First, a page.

He was walking out of that doorway when I decided to run after him to give him a piece of paper with my phone number scrawled on it. I was two weeks out of a serious relationship and was in an empowered mood that bordered on reckless.
It was a week later, on Valentine’s Day, when a few doors down from that doorway we went on our first date.
And then a month later, we were in his doorway and he kissed me good-bye. As I walked out into the lion’s roar of March, I was certain that I’d never see him again…
And then, here we were, three years later on a wintry Friday afternoon in January standing in that doorway again.
“I wish you had told me you were coming in,” I said. “I would have made sure my hair looked better.”
The Physicist was visiting a chapter of his old life, on vacation from his new life in eastern Europe. We caught up over coffee in a trattoria behind the gallery.
“You don’t blog any more,” he remarked once we made it past a catch-up on work life and started the transition to personal lives. “Is that because someone’s given you reason not to blog?”
“I’ve been seeing someone, but he’s not the reason I’m not writing. I just haven’t had any time to write. And maybe, these days, I have too much to say.”
“You should make time. I liked reading it. And writing mattered to you.”
He handed me a deck of playing cards — my gift. The face side of each card was a soviet-era “propaganda” poster. I laughed out loud as I shifted through the images and he showed off some of his Russian.
Sometimes it’s hard to attribute any value to the ephemeral relationships that make their way into and out of our lives. I always considered the Physicist as a quasi toxic vignette in my dating life (even if was French and had a six pack.) But his cameo at the start of 2017 was a valuable one — he reminded me to hold onto all the things that make me ME.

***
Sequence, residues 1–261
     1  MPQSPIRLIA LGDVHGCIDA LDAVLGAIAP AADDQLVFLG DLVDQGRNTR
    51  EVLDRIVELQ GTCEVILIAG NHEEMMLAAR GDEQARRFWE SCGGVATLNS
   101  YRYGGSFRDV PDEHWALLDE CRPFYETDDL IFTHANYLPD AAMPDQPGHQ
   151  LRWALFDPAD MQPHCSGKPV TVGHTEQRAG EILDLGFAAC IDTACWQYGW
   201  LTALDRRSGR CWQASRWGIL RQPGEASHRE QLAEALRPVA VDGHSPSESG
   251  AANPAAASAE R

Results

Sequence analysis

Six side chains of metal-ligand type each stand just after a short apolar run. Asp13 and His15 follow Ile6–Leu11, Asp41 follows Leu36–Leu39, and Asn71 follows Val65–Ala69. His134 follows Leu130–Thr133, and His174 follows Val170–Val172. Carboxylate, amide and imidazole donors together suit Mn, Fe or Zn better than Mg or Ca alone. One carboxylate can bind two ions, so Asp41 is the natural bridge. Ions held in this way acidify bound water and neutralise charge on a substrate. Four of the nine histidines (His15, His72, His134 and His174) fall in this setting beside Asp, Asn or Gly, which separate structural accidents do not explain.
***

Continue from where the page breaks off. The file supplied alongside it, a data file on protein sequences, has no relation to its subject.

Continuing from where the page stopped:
And so, just as the American political leadership is trying to silence the voices of women and minorities, and just as I start down new paths of my own, I return to my soap box.
I’m not ashamed to admit it: I’m a sucker for a well-formed bicep. Some will try to convince you it’s for tattoos or beards, floppy hair or gingham, nerdy bespectacled types or architects. And while they may be right (depending on the season), show me a good set of arms (ideally attached to broad shoulders) and I’ll pass along my card… every time.
But then again, I’m just like most women, who according to a survey run by the oh-so-expert “journalists” over at Muscle & Fitness ranked arms and shoulders among a man’s 10 sexiest body parts (I think the only body parts omitted from this list were ears and toes.)
M&F writes on behalf of women everywhere: “Strong arms signify a man’s ability to protect a woman—and, inadvertently, his ability to lift her up…”
Captain Marvel picked me up then lifted me up at a wine bar in my neighborhood.
I had just hosted a career panel for teenage girls, moderated by a politician and decided my Gallery Assistant, LoHo and I needed a drink. With my male coworker at my side and dressed in a blazer, button down shirt, and skinny black tie, I looked more like a missing Beatle than a girl looking for a date, but what I learned that night was that some men really do love a woman in a power suit.
Captain Marvel sauntered into the bar. He was hard to miss — besides his physique, he a veritable Clark Kent transformed into his superhero alter ego, with jet black hair, and black plastic-rimmed glasses tucked into the neckline of a Superman t-shirt. He shimmied onto a bar stool and was joined by two more broad shouldered “bros.”